Bitcoin prices reached a new high of more than USD 61,000 on Saturday before falling back. The digital currency has seen its value double since the start of 2021. Institutional investors and apprehensions regarding inflation may be driving Bitcoin’s growth.
Bitcoin (BTCUSD) was trading down by 5.7% on Monday morning. The rally occurred after President Biden signed a new stimulus bill into law on Thursday, which may have caused traders to question whether government spending could boost inflation. Bitcoin has performed better than other assets which have often been seen as safe havens, such as Gold (XAU). One reason may be that the cryptocurrency is still considered to be less available than most precious metals.
Several institutional investors have also signalled interest in Bitcoin. Tesla (TSLA) and Square (SQ) both have significant Bitcoin investment holdings, while PayPal (PYPL) has allowed customers to buy, sell, and hold Bitcoin in online wallets since November 2020.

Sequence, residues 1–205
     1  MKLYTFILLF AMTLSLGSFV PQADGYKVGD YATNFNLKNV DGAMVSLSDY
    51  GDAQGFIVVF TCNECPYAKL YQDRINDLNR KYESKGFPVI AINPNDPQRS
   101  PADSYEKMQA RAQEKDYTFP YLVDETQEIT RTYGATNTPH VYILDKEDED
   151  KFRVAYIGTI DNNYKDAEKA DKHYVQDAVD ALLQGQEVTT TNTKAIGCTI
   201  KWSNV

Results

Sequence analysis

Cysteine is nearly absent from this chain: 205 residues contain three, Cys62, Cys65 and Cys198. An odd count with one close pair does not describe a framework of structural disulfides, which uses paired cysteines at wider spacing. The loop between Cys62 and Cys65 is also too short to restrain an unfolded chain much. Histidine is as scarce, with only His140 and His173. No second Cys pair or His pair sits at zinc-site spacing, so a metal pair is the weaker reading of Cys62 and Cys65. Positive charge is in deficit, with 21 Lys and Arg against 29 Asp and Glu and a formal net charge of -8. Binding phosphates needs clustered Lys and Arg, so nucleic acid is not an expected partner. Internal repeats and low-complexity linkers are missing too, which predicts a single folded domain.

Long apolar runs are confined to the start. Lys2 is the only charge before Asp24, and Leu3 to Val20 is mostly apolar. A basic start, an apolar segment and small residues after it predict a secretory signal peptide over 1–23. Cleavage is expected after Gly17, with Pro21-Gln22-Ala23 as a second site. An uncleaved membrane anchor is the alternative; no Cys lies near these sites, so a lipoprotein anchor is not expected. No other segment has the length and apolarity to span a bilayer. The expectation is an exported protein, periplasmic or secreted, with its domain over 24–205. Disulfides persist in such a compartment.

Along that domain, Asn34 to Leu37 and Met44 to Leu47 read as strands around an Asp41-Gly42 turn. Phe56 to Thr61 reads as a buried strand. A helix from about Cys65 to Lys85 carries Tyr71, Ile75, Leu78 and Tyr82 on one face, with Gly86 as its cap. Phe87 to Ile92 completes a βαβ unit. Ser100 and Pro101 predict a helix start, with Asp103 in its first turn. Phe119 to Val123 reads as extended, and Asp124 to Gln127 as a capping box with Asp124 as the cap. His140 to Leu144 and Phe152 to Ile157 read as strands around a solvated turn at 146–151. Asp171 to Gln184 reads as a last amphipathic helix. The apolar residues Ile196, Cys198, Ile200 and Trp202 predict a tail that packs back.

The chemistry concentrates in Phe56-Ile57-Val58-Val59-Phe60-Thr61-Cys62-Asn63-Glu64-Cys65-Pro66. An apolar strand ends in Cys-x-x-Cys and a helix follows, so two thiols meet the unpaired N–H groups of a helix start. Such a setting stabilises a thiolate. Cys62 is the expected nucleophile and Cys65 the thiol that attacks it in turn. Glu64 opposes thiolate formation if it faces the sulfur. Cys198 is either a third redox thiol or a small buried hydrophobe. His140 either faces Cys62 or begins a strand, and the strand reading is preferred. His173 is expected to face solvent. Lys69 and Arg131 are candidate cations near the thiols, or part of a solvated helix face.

Big Banks Back Crypto
Traditional banks are also dipping their toes into the Bitcoin pool. Goldman Sachs (GS) reopened its cryptocurrency trading desk in March and plans to supply clients with Bitcoin futures beginning this month. At the same time, JPMorgan (JPM) is creating an investment package consisting of companies with cryptocurrency exposure, according to an SEC filing on Tuesday, and Morgan Stanley (MS) helped crypto technology firm NYDIG raise $200 million. Additionally, BNY Mellon (BK), the oldest bank in the U.S., is creating a digital assets unit that will offer clients integrated services.
While Bitcoin is seeing explosive growth right now, it is yet to be determined whether the crypto can continue to hit new records or if its winning streak will come to an end.